Bret Morgan’s “Just 3 Things” Looks at Creating Playbooks for Business and Life

Creating Playbooks For Business & Life

Bret Morgan

NJTechWeekly.com subscribed to a newsletter written by Bret Morgan called “Just 3 Things.” Many of the individual pieces provide entrepreneurs tips about business and living their best lives. We repost this one, written in June, here. You can subscribe to Just 3 Things here.

Morgan is a well-known figure in the Jersey Shore tech and entrepreneurship community. He describes himself as “Hacker, Entrepreneur, World Traveller, Yogi, Vegan Chef, Father.”

Morgan founded DBL Systems, a boutique agency that does strategy, digital development and consulting in 2004. He co-founded Cowerks, a coworking space with locations in Asbury Park and Red Bank, and started the Jersey Shore Tech Meetup with others. He also co-produced Asbury Agile, a once-yearly “friendly, informal, single-track conference for technology professionals and students held annually in Asbury Park.”

Bret’s current projects include, include running Asbury Fresh & Bell Works Fresh, a series of pop-up experiences whose mission is to connect local makers, food purveyors, farms and start-up businesses with engaged customers as well as The Surf Village, a boutique vacation bungalow community in Bradley Beach, set to open this August. You can read more about him here.

Just 3 Things:

Something I’m Thinking About

Working efficiently will eternally be one of my top priorities.

If I can continually hone and improve these abilities it allows me to create more with less energy — which in turn can be redirected into spending more time with my family, better attending to my physical and mental well being, exploring new business ideas and living a fuller life.

One of my latest exercises as it pertains to working more efficiently is to document anything I have to do more than once and add it to a “playbook”.

This master playbook should live somewhere where it can evolve and be updated – the goal here is to get things out of my head and into a space where they can be documented and ultimately delegated.

To get a bit more tactical, here’s a sample SOP, or standard operating procedure, that I recently created for a manager or stakeholder (i.e. myself) to approve and send out a marketing email:

Scheduling an Email to Send

Purpose: Scheduling an email should be done only by a manager or with approval.

Hours: < 5 mins, weekly

Platforms: Mailchimp

SOP: 

1) Log into Mailchimp and click on campaigns.

2) Click into the campaign you want to schedule for sending.

3) Click “Send a Test Email” and send an email to yourself. Review it 1 final time checking for correct dates/times, spelling errors, or information that may have changed.

4) If all is well, click “Schedule” on the top right. Select your date and time to send and click “Schedule Campaign”. As a general rule, I like to “Schedule Campaigns” vs. “Send Now” to allow for any last minute changes or finds - even it it is only 1 hour in the future.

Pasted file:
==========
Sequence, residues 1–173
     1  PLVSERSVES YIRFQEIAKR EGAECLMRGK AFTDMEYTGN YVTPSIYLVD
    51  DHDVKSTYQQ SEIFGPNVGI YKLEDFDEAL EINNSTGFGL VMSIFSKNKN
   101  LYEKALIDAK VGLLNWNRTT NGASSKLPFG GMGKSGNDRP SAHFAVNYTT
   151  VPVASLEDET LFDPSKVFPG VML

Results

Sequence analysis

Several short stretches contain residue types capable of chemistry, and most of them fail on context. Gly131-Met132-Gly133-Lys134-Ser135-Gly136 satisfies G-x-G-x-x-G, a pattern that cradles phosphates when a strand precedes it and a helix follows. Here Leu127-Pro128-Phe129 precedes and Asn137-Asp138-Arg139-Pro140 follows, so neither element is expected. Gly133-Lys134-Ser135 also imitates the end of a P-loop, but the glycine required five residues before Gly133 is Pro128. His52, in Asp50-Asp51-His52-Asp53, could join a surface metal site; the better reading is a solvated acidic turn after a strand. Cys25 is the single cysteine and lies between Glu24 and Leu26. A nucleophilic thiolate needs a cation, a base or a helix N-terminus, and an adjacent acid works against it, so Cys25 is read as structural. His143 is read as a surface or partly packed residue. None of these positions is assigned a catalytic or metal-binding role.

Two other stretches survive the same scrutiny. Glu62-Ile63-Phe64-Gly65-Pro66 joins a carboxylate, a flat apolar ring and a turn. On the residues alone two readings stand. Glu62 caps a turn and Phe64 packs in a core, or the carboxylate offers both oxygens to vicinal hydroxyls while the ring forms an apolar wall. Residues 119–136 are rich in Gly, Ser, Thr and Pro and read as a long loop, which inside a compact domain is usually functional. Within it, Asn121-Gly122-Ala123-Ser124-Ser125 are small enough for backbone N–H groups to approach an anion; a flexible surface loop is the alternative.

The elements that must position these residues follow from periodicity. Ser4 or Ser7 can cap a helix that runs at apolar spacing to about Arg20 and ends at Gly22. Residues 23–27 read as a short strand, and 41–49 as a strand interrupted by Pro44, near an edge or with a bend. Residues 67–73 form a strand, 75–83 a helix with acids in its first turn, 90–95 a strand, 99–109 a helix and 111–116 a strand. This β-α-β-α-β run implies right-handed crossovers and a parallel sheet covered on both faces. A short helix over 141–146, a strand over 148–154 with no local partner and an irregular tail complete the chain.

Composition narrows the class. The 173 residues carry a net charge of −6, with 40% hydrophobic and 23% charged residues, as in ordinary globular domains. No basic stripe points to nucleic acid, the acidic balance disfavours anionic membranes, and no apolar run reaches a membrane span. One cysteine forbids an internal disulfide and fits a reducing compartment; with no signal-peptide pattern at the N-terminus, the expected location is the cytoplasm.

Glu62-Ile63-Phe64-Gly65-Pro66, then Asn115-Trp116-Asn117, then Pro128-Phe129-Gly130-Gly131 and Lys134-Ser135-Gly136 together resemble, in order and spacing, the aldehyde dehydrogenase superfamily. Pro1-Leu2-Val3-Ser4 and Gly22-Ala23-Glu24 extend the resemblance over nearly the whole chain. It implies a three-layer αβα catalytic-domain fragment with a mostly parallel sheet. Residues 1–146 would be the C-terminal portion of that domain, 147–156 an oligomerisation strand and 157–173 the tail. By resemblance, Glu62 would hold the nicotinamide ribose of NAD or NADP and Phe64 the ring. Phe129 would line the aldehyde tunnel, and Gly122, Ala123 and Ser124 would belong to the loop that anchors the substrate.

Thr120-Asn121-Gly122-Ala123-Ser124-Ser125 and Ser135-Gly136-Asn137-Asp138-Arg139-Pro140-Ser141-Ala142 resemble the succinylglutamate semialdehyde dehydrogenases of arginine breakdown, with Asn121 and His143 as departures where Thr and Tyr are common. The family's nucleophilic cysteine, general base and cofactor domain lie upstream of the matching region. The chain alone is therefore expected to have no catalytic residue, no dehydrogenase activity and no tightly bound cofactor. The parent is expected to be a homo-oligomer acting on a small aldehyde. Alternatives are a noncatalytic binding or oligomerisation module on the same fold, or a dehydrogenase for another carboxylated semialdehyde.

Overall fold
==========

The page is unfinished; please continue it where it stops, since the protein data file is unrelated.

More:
Common Hang Ups:

- Scheduling an email is straightforward but should be done carefully to avoid messaging large amounts of customers with incorrect/wrong information.

And here is an SOP I created for creating new SOPs for myself and other team members:

Creating a new SOP

Purpose: As a general rule, if you have to do something more than once, we should create and document an SOP for others to follow. Please use the following template and guidelines when creating one.

Hours: < 20 mins, as needed

Platforms: Loom, Google Docs

Video: Log into Loom and record a video - link it here. 

SOP:

1) Step by step document your processes. It helps to record a Loom video and reference that when documenting the SOP

2) Loom filenames should be “[SOP] The Full SOP Header”. In the description, please include the name of the SOP, the purpose, and a link to this part of the SOP.

Common Hang Ups:

- If there are any potential mistakes someone can make, they should be documented here.

One of my plans is to extend this concept and create a playbook for my personal life and start to document some of the monotonous tasks and outsource them.

A challenge for you:
  • Take a few minutes and write a list of 20 things in your business or personal life that you can create SOPs for.
  • Now, select 1 or 2 from your list and use the above template and creating your SOPs.
  • Share them with me if you would like and I can provide feedback.

Sharing is caring!

Leave a Reply

Your email address will not be published.

210 More posts in entrepreneurship category
Recommended for you
Linda Ziemba
Which Startups Got Grants from the CSIT Catalyst Seed Grant Program? Part 1

This week, the New Jersey Commission on Science, Innovation, and Technology (CSIT)  announced that it...